Adolph MENZEL (Breslau 1815 - Berlin 1905)
Portrait of Fraulein Hanna Maercker
Watercolour and gouache, over an underdrawing in pencil.
Signed and dated Menzel/ Sept. 1848 at the lower left.
221 x 180 mm. (8 3/4 x 7 1/8 in.)
Between 1845 and 1847 Adolph Menzel lived at 18 Schöneberger Strasse in Berlin, where his neighbours included the family of the lawyer Karl Anton Maercker (1803-1871), director of the Berlin Criminal Court and, from 1848, Justice Minister in the brief Prussian government of Rudolf von Auerswald. Menzel became friendly with the Maerckers, and produced a number of portraits - in oil, watercolour, chalk and pastel - of members of the family. (Frau Maercker also posed for both of the main figures in Menzel’s genre painting The Interruption (The Visit), painted between 1845 and 1846 and today in the Staatliche Kunsthalle in Karlsruhe.) In the spring of 1847 the artist moved to a new address, at 43 Ritterstrasse, and while he saw less of the Maercker family, he continued to occasionally produce drawings of them, as evidenced by the present sheet - a portrait of the daughter of Karl Anton Maercker - which is dated September 1848. In 1850, the Maercker family moved to Halbertadt in Saxony-Anhalt, ending their close relationship with Menzel.
This charming watercolour by Menzel is a portrait of the Maercker’s eldest daughter, Johanna (Hanna) Maercker (1839-1918), at the age of nine. Little else is known of Hanna Maercker, apart from her marriage to Julius Albert in 1857. A black chalk drawing by Menzel of the same young girl, though perhaps a year or two earlier in date, is in the collection of the Kupferstichkabinett in Berlin.
A stylistically similar watercolour portrait of the Maercker’s young son Max asleep, datable to around the same time as the present sheet, has appeared on the German art market in recent years. Also comparable is a third watercolour of the Maercker children; a double portrait of Hanna and Max Maercker seated at a table, dated 1848.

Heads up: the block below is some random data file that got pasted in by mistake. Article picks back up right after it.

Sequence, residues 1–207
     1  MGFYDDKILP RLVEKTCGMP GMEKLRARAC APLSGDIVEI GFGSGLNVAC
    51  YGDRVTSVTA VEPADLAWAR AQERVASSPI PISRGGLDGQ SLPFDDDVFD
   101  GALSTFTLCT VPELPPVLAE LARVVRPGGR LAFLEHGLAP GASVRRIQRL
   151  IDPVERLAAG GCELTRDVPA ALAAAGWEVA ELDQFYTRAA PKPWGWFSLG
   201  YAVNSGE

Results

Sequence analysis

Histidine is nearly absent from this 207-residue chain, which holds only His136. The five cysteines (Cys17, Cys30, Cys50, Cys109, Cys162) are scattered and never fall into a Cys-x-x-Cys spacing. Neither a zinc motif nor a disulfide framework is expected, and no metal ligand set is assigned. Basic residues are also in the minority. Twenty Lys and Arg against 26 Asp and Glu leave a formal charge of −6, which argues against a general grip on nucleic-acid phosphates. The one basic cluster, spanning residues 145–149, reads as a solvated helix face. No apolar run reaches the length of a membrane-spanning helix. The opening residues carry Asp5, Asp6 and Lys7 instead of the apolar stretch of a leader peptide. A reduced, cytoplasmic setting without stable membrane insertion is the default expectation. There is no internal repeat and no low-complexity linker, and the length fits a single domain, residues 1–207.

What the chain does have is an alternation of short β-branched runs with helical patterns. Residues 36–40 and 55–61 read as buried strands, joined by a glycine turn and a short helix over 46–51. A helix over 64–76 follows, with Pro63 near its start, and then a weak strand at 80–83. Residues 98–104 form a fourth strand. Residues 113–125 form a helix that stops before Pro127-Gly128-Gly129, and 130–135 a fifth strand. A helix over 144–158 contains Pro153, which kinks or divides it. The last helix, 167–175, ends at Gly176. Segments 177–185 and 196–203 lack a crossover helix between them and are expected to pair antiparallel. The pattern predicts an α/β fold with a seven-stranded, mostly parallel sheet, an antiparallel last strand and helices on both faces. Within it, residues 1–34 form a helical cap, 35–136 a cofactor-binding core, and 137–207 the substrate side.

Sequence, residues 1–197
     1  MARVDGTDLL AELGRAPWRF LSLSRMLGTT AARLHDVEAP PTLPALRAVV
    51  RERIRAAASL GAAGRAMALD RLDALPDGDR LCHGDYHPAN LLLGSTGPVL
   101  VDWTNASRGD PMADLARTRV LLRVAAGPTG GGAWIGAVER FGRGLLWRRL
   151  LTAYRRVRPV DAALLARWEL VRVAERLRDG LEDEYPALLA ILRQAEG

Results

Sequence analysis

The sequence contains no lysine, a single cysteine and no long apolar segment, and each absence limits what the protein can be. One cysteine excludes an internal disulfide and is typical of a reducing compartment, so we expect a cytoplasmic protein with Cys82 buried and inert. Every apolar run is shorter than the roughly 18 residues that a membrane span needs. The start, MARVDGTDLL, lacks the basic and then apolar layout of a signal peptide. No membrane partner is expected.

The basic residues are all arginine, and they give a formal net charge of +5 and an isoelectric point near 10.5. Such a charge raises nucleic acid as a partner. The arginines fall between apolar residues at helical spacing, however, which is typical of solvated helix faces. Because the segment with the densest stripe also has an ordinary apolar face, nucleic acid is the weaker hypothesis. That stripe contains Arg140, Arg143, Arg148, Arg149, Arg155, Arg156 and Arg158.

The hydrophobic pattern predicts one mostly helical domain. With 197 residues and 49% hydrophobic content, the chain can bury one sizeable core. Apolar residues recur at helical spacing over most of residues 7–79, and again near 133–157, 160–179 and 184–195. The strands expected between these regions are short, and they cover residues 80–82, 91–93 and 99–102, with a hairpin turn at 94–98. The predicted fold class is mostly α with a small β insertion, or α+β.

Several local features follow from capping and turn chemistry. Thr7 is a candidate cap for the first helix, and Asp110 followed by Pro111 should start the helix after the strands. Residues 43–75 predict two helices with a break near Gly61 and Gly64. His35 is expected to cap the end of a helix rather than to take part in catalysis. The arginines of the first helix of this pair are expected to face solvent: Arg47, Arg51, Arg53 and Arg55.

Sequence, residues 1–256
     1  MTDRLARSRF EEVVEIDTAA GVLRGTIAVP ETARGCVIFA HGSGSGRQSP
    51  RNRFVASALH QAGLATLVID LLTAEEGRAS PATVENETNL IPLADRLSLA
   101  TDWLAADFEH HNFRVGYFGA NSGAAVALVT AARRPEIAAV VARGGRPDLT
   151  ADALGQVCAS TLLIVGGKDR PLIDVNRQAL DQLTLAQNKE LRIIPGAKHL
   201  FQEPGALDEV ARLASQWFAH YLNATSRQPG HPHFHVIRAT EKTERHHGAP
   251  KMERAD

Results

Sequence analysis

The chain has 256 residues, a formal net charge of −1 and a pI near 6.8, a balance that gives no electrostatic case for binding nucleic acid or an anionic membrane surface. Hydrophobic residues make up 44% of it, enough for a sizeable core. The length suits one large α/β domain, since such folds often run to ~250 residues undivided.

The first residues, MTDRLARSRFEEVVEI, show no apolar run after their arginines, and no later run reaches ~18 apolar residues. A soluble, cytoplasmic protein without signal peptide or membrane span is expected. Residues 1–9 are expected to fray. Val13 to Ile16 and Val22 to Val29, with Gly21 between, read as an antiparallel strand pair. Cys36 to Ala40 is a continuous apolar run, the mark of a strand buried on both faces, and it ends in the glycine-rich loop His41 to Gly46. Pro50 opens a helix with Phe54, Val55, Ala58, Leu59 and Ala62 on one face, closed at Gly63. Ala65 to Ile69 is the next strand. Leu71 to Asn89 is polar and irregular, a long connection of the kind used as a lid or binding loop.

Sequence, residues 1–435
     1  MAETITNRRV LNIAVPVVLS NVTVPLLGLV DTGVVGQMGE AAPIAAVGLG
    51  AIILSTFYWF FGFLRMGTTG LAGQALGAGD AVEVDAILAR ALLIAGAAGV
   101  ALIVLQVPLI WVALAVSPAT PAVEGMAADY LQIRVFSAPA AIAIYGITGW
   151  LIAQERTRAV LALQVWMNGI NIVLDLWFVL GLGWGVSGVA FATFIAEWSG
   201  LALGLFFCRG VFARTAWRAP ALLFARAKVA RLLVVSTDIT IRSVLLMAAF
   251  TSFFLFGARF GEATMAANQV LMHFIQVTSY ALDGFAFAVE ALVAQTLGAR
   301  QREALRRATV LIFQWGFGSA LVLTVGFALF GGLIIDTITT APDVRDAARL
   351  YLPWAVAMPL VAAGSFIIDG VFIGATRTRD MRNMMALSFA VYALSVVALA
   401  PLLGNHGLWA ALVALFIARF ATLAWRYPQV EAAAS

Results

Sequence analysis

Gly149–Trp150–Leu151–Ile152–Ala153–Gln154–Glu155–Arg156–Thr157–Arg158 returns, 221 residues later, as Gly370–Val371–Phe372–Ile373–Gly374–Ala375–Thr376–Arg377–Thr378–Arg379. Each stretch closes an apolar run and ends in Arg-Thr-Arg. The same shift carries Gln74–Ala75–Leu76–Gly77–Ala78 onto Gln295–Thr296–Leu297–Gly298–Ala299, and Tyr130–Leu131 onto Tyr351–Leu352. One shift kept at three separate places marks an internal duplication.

Dr. Karl Anton Maercker and Anna Catharina Maercker, Berlin and Halberstadt
By descent to E. Maercker, Halberstadt, by 1905 Private collection, Southern Germany
Anonymous sale, Berlin, Villa Grisebach, 27 November 2009, lot 3
Anonymous sale, London, Sotheby’s, 14 December 2016, lot 56.
Hugo von Tschudi, Adolph von Menzel: Abbildungen seiner Gemälde und Studien, Munich, 1905, pp.168-169, no.206 (‘Tochter des Justizministers Maercker’); Georg Jakob Wolf, Adolf von Menzel: der Maler deutschen Wesens: 149 Gemälde und Handzeichnungen des Meisters, Munich, 1915, illustrated p.92; Karl Robert Langewiesche, ed., Der Blumenkorb: Deutsche Maler 1800 bis 1870, Königstein im Taunus and Leipzig, 1921, pl.46; Gisold Lammel, Adolph Menzel und seine Kreise, Dresden and Basel, 1993, p.46; Claude Keisch and Marie Ursula Riemann-Reyher, ed., Adolph Menzel 1815-1905: Between Romanticism and Impressionism, exhibition catalogue, Paris, Washington and Berlin, 1996-1997, p.201, under no.28 and pp.217-218, under no.38; Bernhard Maaz, ed., Adolph Menzel: radikal real, exhibition catalogue, Munich, 2008, p.56, no.24; Hamburg, Dr. Moeller & Cie., Adolph Menzel 1815-1905: Meister der Zeichnung, 2013, unpaginated, under no.3, fig.1.